HC Deb 28 October 1975 vol 898 cc1295-300
Mr. Speaker

The Solicitor General—Statement.

The Solicitor-General (Mr. Peter Archer) rose

Mr. Raphael Tuck

On a point of order, Mr. Speaker. If my hon. and learned Friend the Solicitor-General would move to the microphone two away from him, he would perhaps find that he could be heard. He cannot be heard through the microphone beneath which he is standing—and this is a very important statement.

The Solicitor-General

I am prepared to do anything for the convenience of the House, and if I can do it by moving to the left, I will do so.

With permission, I would like to make a statement on behalf of my right hon. and learned Friend, the Attorney-General, about allegations made in the Daily Express on 23rd October, to the effect that a politically-motivated veto was imposed on the intention of the Surrey police to charge a number of people with conspiracy, arising out of the Guildford and Woolwich bomb incidents, and that this veto resulted in the release of a number of suspects against whom there was a good case. Hon. Members will recall that this statement was promised by my right hon. Friend the Home Secretary on Thursday.

I should begin by saying with the utmost emphasis that my right hon. and learned Friend is most disappointed at being unable to make this statement himself, but he is ill in bed.

The allegations appeared in an article on the front page of the Daily Express under the banner headline "Bomb Police Muzzled", and the words How Government veto let suspects go free". The article alleged that, as a result of political pressure, my right hon. Friends the Prime Minister and the Home Secretary, on behalf of the Government, decided that there should be no more conspiracy trials, and gave orders to that effect, that the Director of Public Prosecutions and my right hon. and learned Friend the Attorney-General accepted those orders, and that the Office of the Director of Public Prosecutions had issued written instructions to the Surrey police, who were compelled to drop what they regarded as a good case if conspiracy to murder could have been charged.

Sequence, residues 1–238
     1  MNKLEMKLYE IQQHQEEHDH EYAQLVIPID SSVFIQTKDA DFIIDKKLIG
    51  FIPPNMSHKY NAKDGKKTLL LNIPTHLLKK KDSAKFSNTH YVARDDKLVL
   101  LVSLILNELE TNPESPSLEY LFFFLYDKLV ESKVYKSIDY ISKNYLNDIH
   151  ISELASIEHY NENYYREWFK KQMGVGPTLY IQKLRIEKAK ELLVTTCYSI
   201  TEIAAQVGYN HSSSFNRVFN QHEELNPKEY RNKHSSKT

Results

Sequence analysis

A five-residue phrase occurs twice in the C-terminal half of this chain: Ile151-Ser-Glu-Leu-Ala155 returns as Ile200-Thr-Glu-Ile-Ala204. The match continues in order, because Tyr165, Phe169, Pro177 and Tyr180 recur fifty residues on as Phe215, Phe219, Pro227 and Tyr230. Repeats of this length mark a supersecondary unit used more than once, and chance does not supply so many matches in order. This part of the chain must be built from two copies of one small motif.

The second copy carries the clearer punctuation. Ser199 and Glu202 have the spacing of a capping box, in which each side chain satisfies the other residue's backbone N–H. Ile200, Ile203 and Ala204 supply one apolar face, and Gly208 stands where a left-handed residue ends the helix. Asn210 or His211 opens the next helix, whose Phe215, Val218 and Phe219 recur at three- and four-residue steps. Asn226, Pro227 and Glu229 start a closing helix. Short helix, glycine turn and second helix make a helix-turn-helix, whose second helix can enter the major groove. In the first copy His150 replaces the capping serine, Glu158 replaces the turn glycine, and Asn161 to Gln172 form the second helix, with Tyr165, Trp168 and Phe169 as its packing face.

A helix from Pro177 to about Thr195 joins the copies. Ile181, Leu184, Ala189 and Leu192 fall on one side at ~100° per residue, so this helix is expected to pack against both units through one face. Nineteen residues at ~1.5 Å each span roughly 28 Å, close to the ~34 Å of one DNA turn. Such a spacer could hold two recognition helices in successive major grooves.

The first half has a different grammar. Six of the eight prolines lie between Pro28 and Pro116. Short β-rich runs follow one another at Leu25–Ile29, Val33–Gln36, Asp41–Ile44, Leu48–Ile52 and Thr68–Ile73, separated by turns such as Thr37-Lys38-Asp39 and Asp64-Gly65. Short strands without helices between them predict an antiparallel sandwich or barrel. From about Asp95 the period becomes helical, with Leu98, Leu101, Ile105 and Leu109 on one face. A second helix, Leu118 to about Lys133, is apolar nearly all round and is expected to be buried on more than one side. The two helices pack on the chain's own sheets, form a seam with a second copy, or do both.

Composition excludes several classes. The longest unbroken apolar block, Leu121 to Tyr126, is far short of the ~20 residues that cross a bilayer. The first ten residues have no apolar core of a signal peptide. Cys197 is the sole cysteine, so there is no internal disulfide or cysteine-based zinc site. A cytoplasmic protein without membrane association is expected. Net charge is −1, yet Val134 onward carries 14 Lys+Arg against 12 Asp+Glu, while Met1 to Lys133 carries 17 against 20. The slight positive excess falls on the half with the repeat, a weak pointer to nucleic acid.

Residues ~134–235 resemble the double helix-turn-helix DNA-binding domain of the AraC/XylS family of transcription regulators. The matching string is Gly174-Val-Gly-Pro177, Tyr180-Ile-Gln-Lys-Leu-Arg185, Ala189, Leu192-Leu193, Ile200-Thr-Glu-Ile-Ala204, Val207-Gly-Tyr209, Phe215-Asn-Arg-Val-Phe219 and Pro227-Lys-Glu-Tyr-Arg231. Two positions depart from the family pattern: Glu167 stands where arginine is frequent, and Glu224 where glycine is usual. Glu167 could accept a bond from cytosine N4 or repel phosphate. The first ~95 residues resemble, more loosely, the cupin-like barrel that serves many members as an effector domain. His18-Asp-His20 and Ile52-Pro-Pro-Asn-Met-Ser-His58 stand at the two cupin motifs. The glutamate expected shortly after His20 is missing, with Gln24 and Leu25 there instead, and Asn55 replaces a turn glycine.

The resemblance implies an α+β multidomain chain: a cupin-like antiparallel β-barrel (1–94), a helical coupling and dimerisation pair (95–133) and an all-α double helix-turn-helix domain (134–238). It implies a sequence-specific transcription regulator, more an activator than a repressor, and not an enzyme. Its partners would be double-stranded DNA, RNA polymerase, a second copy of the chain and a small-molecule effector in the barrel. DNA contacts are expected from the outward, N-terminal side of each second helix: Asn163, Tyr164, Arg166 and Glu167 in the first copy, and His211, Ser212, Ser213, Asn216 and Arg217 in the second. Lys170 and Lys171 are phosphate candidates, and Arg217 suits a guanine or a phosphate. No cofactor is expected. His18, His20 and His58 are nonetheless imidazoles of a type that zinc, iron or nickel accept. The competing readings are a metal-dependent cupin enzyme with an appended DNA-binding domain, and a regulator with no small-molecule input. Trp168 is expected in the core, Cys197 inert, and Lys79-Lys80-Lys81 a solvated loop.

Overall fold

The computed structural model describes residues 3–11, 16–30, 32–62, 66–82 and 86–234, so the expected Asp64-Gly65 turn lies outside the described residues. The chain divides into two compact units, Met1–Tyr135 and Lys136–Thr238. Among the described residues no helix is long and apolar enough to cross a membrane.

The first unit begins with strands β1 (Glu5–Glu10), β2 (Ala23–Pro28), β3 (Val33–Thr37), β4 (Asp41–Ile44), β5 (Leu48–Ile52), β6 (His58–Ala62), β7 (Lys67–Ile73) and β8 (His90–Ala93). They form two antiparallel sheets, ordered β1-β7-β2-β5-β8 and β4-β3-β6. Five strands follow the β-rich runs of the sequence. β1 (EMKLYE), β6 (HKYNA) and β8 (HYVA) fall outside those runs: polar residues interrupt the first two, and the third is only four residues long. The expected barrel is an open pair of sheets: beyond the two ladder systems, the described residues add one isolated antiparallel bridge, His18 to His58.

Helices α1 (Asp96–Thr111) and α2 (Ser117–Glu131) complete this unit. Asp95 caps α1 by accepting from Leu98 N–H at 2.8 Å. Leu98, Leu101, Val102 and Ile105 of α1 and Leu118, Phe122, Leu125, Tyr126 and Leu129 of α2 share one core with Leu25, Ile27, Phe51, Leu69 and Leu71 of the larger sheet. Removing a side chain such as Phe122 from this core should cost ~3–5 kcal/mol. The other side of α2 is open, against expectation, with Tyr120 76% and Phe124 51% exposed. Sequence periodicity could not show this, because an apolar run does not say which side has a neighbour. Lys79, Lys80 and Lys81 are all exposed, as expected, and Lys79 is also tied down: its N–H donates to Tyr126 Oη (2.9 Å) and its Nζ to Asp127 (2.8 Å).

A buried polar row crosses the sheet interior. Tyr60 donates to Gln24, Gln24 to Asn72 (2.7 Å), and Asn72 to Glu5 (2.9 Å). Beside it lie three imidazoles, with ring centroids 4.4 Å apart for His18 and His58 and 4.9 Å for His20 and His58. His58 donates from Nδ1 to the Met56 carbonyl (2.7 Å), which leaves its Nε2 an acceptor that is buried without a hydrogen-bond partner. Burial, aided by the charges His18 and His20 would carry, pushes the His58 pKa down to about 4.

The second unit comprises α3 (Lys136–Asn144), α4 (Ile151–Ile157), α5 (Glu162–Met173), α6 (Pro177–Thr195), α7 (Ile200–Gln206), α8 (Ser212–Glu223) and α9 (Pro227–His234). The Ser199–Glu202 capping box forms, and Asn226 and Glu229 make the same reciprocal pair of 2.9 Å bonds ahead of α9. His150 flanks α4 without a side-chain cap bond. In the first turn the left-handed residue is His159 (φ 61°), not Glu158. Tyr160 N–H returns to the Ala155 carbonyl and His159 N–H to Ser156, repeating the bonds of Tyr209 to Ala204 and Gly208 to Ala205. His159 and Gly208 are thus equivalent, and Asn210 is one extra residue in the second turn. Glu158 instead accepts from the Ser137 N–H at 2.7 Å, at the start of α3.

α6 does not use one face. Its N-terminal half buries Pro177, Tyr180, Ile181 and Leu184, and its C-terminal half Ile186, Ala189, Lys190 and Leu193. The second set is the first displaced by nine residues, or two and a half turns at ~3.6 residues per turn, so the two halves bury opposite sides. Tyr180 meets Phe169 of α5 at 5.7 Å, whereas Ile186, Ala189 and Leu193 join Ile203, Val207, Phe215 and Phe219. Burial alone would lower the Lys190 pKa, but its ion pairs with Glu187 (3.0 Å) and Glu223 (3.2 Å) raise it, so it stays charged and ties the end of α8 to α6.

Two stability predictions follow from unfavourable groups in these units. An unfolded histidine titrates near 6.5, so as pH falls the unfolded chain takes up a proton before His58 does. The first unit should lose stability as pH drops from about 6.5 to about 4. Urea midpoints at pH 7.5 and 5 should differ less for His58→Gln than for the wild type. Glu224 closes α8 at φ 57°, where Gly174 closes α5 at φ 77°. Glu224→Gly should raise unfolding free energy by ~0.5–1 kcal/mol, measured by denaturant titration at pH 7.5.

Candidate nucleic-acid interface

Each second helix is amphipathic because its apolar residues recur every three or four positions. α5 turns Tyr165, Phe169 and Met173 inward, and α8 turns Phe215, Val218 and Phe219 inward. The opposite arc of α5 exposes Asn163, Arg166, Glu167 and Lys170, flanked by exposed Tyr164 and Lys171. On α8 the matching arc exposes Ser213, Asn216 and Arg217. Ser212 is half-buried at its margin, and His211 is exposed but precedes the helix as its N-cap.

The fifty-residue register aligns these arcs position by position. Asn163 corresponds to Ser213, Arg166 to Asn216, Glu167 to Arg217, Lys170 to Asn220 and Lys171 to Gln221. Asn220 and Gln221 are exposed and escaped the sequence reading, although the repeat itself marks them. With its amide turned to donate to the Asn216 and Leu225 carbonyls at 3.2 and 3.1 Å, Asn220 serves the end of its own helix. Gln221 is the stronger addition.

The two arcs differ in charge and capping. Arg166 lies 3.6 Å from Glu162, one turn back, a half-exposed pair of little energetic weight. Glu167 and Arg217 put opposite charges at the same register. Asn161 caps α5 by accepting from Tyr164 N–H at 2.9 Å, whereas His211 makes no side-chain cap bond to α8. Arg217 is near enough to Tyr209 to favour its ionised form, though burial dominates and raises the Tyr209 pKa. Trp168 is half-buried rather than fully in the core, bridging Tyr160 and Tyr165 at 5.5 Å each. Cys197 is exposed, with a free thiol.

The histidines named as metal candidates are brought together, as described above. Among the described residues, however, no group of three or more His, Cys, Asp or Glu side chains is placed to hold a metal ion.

It would, of course, be wholly improper for the Government to interfere with the prosecution process, and in particular to impose a veto of this nature on the activities of the prosecuting authorities. It is also a very serious reflection on the prosecuting authorities themselves to suggest that either my right hon. and learned Friend, or the Director of Public Prosecutions, or the police, or by inference, counsel for the prosecution would accept such a veto. In these circumstances, the House may feel it right that I should state the history of this matter in a little detail.

Bombs exploded in Guildford and Woolwich on 5th October and 7th November last year. On 10th December, the Surrey police formally notified the Director of Public Prosecutions that they had arrested and charged six men and a woman with murder, four men with unlawful possession of explosives, another man with conspiracy to cause explosions—not conspiracy to murder—and another woman, with both murder and unlawful possession of explosives.

There was no intention on the part of the Surrey police to charge a number of people, or indeed anyone, with conspiracy to murder. Subsequently, on the advice of counsel, a charge of conspiracy to murder was introduced at the trial in respect of one accused, by reason of the particular facts relating to him, and proceeded with.

Investigations continued, and the police report and statement were received by the Director of Public Prosecutions on 17th January. He immediately sent them to counsel to advise in the matter. The team of counsel was led by the hon. and learned Member for Wimbledon (Sir M. Havers).

After very careful consideration of all the papers, the hon. and learned Member for Wimbledon and his team came to the conclusion that the evidence against some of those arrested and charged was insufficient. This advice was accepted by the Surrey police and the Director of Public Prosecutions as the only possible decision in the circumstances.